Trip Start Nov 07, 2009
14Trip End Nov 10, 2009
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The East German Ministry for State Security, the Stasi, was the most effective and ruthless of all the secret police organizations in the communist bloc. The most infamous Stasi Remand Prison was located in a restricted zone (shown as blank space on East German maps) in the north western suburbs of Berlin. You can now take tours of the facility, typically led by former inmates, but these are only in English twice a week. The effort is worth it, however, because this is the best place to truly understand the sacrifice made by the East German population — they weren't just walled in, they were also ruthlessly repressed.
On the long tram ride out to the prison, you see building after building of typical East German construction — lifeless, functional to the point of ugly, and now falling apart
In 1984, at the age of 18, my guide, Cliewe Juritza, could not wait to try to escape from East Germany. He had been planning it since he was 14. First he went to Hungary, buying a one-way ticket to a town near the border. This, he says, was his first mistake. A Stasi agent intercepted him as he got off the train and questioned, but did not arrest him. He was obliged to go back to East Germany, however. Everyone could see that Berlin Wall was impregnable, so he next went to the Inner-German Border, the fortified border between East and West Germany proper. Once there, he tested the fortifications by putting a tree branch against the fence, but that set off alarms so he fled. Several other near misses occurred until finally, standing on a train platform heading toward the border, a Stasi agent asked him, "Are you trying to escape?" In frustration, he answered "Yes!".
His plan was to be arrested and imprisoned because he had heard from West German radio that West Germany was paying for the release of political prisoners. He was sentenced to one year in prison for expressing the desire to leave
He went to live with his grandmother in a small village in West Germany. Then, in August of 1989, he moved to West Berlin, not knowing how soon the wall would come down. On the night of November 9th, he was in a bar drinking with some friends when someone came in and announced that the wall was open. His reaction was, "Dream on!" and that the guy was drunk.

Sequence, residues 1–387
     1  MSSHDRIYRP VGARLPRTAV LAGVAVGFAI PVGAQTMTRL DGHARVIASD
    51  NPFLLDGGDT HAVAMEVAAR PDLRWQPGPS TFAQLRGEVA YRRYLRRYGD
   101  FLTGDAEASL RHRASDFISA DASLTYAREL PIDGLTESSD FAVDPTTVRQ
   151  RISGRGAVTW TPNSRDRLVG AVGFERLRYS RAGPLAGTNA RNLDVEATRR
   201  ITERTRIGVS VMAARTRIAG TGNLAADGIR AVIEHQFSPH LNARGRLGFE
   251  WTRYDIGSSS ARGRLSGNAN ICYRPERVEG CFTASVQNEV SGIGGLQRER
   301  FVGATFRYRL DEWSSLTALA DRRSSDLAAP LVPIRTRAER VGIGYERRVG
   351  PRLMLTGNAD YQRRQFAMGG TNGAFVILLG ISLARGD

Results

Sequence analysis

Cliewe is one year older than me which gets me thinking about what I was doing in 1984. I was a senior in High School, applying to colleges, and doing all those things that seniors do. How different our lives were. But if he had been born just a few miles west, there might have been no real differences between us at all. I am also stuck by how odd it is that a regime supposedly driven by the idea that they are making a workers paradise expended such vast resource to keep its citizens from fleeing. And when they did try to leave, the government, after punishing them, would sell them to the West because, as a practical matter, the GDR was always desperate for hard currency
This prison was for people who tried to escape or for political action that was perceived as against state interests. One woman received an eight year sentence for making a sign that quoted the East German constitution section guaranteeing citizens the right to say and print what they wanted, obviously an ignored clause. She didn't even get to show the sign in a parade as planned because an informer turned her in. When she was interrogated, the Stasi knew an incredible number of details about her, even her favorite brand of tea. It turned out that the informant was her husband. Another woman was imprisoned for 25 years for telling a joke: "Have you every had Stalin pork? Of course not! The pig's not dead yet".
It is impossible to describe the prison and do it justice. The tour was incredibly moving. Cliewe says that most of the visitors are German school children, but only from the West. He thinks that the parents and teachers in the East don't want to have to answer embarrassing questions that would be raised if their children came here. That is the problem with such recent history, so many of the people who worked for the Stasi and this prison are still around. The man who ran the prison still lives only two blocks away — you can run into him on the street or at the grocery store
A week earlier Cliewe had talked in depth with his mother for the first time in twenty years. When they talked about his attempted escape and arrest, his mother lapsed into official GDR-speak, catch phrases from a now dead regime. Then she called his decision foolish. "Foolish," he repeated, clearly emotional, then said, "And she wonders why I don't come to see her more often." He had to blink back a tear.
At the end of the tour I bolted. I couldn't wait to get away, though this wasn't a conscious decision. I just started walking. I skipped the bookstore, forgot to take a picture I had been planning, didn't even use the bathroom. Walking back to the tram, I cut through a shopping mall built on the edge of the former restricted zone. It was surreal passing by shops selling discount shoes, books and clothing so close to the horrors of the prison. But, of course, this blatant show of capitalism may be the best "in your face" shot at the old regime possible.
The day after I got back from Berlin, I was driving home from work when I heard an interview with Cliewe on All Things Considered
Further follow up:
A year later I received the following email from Cliewe out of the blue:
Subject: your Hohenschönhausen entry on travel pod
Hello, I just read your entry about your visit in the former stasi prison in Hohenschönhausen one year ago. Thank you very much for your posting - I am sorry, I did not read it earlier. I hope you don't mind, that I linked it to my facebook page, because you really descirbed it very
Thanks and greetings from Berlin